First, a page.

A few weeks ago, I started two stories in a pair of men whose stories seemed potentially intriguing. That intuition proved correct and it now appears my work on each will surpass5,000 words, which is high composted to most of my other writings.
One of these men is James Abert, who was a topographical engineer and explorer in the years and decades before the war, then a staff officer during most of the conflict A quick Internet search turns up plenty of information about him, more than I had imagined, so perhaps my story is unnecessary, but I like to try to use my words to tell of such lives and I think my use of a combination of information from these sources as well as local newspaper reports will create something different than the others.
I also try to use direct quotes from him to add his voice to this work. sometimes I think I use too many quotes (from other articles and stories as well), but I do like how this piece is coming together. I’m really close to calling it finished and focusing on other stories.
However it ends up, his life story has been enjoyable for me to study and I’ve learned a lot about him and his role in the exploration of western territories, his part in the war, and his involvement in society in and around Campbell County.
I am, however, curious about how he pronounced his name. His grandfather had come to North America from France during the American Revolution. Did the family kept a French prononciation, such as “Ah-bear” or had they anglicized it and said it how it looks to modern Americans, i.e. rhyming with pray-bert? I doubt I’ll find any paperwork resolving that.
In a similar vein, James Guthrie was an officer whose name I came across on a piece of ephemera I purchased. I don’t know why I had not examined his career before, but he organized the 1st and 2nd Kentucky Infantry regiments (in Ohio, while Kentucky was “neutral” early in the war), but then he was in charge of the fatigue forces during the ”Siege of Cincinnati.” I’ve heard and shared the story of that episode many, many times, especially when the Ramage Museum was open, and even on here, but I’m finding out many smaller details about the day-to-day operations of the military locally during those few weeks, such as orders that leaders like Guthrie issued and problems they faced. The larger overview of the story is that tens of thousands of people willingly lived under martial law and worked to defend the area as the Confederates neared, but it was not so simple or ideal. I’m learning about some issues that arose and I’m almost even embarrassed that I had not done this kind of research earlier. This story has truly fascinated me and significantly increased my understanding of the reality of that “siege.”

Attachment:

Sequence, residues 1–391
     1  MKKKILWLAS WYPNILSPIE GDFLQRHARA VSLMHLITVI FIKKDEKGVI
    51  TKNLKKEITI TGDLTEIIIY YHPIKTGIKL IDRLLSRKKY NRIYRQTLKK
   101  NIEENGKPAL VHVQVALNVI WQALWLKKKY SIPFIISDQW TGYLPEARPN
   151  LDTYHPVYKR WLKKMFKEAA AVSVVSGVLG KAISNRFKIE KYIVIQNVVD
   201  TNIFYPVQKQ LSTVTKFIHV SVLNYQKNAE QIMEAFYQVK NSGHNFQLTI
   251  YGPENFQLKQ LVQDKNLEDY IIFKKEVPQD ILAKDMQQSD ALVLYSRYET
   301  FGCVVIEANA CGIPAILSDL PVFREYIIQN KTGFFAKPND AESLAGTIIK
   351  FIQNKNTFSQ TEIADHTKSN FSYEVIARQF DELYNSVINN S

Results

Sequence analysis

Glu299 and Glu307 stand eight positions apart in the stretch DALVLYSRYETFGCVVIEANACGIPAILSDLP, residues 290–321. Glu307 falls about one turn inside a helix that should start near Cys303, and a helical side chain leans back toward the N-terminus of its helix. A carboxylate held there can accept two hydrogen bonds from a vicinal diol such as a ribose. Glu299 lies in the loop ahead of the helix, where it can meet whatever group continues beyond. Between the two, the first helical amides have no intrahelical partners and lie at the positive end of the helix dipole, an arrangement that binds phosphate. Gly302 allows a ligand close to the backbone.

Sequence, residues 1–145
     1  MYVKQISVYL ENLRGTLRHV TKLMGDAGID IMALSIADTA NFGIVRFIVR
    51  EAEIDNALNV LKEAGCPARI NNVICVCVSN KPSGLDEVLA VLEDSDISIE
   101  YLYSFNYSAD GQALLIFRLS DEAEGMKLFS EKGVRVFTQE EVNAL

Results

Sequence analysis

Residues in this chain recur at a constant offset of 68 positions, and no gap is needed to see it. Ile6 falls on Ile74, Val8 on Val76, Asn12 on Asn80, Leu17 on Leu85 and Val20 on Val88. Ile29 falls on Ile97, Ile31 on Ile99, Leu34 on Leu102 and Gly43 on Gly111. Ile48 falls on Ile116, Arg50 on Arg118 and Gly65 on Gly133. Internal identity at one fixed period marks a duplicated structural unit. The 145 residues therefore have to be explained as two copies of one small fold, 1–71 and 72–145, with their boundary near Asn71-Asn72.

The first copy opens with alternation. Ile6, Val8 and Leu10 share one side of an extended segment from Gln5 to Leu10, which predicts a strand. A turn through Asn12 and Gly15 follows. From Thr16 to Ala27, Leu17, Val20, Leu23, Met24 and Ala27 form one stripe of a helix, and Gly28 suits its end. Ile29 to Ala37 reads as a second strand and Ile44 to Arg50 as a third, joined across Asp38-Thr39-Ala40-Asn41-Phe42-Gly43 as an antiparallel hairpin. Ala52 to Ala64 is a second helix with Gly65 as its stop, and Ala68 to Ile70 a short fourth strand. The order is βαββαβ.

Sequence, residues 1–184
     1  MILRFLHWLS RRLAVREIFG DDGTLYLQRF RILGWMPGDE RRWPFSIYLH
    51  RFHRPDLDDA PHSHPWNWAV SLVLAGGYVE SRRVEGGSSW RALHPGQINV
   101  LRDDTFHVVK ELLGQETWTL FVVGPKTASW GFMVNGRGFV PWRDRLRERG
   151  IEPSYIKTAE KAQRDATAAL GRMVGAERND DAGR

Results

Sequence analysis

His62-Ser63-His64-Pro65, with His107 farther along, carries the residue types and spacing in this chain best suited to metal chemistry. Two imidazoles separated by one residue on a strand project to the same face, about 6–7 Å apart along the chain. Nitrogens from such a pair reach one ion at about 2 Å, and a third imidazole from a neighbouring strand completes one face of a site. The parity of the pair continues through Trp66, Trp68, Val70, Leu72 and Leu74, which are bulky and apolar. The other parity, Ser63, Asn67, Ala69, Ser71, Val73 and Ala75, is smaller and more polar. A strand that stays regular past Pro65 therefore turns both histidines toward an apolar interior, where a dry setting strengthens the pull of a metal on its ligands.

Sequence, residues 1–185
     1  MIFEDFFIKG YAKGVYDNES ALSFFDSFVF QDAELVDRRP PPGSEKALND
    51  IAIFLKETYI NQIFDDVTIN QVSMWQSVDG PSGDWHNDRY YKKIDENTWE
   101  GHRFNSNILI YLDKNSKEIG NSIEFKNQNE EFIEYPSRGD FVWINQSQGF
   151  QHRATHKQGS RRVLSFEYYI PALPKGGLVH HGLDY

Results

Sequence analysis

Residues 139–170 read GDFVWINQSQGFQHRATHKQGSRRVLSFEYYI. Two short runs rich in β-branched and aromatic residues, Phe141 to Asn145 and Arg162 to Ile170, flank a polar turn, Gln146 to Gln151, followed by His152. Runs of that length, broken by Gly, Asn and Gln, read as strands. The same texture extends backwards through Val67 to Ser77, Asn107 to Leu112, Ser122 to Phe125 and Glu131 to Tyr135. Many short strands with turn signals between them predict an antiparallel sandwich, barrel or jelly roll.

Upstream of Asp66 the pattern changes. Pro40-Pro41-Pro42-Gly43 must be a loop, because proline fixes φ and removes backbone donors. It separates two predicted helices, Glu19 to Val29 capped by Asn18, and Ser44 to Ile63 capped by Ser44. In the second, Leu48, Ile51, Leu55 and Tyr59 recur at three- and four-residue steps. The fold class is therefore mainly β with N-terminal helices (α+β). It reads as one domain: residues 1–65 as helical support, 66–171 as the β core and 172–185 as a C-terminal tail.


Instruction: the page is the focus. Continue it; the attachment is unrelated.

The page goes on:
Studying Guthrie has also helped me find stories of some southern sympathizers in Campbell County. I still plan to focus on Union troops right now, with so much information already gathered, but I now have a couple more and much better leads about the other side of the story, or at least about Union officials taking political prisoners. I have seen a couple of letters from citizens and some oaths of allegiance some men took. I have not told that story much, but now am much more prepared to do do, because of information I’ve found while looking into Guthrie’s story, which led me to Henry Gassaway, a Provost Marshall who made some of those arrests and created some controversy in the county.
I’ve also taken a bit of a break from simply researching and writing about these soldiers and returned to my original idea of confirming names/information about local soldiers. I have found and confirmed several more names, but also a few more questions such as one man whose obituaries state he was a soldier, (one even states he fought at Shiloh under General McClellan, LOL), but do not mention a unit. Doing this kind of research again has been fun, though still challenging as I still have a lot of partial names I have not confirmed. Still, the progress I have recently made has been satisfying.
That said, I did start on a couple other stories that I thought would be shorter or “easier” than the Abert and Guthrie ones, but both have turned out to be different than I expected, one because his grandfather was a Revolutionary War soldier (as were a pair of his grandfather’s brothers) and Campbell County pioneer, and the other because some records indicate he had a brother (or two?) in the Civil War, while other records don’t show those additional names. Figuring out what really happened will be a task, plus his father was a local businessman and politician for years and a Home Guard soldier, so it may turn into a family story, instead of a quick tale of one soldier.
That’s a little bit frustrating, but it is also good. I believe there are interesting and important stories to write and these latest two might be prime examples of that, especially from a county history perspective. Nothing as noteworthy as him being captured or killed during the war makes his story an obvious one to share, but other pieces of their lives do. A person/soldier/family need not be famous in order to be an important piece of the county’s past. I hope I can do these men and families justice and help others understand better Campbell County history overall and in the war.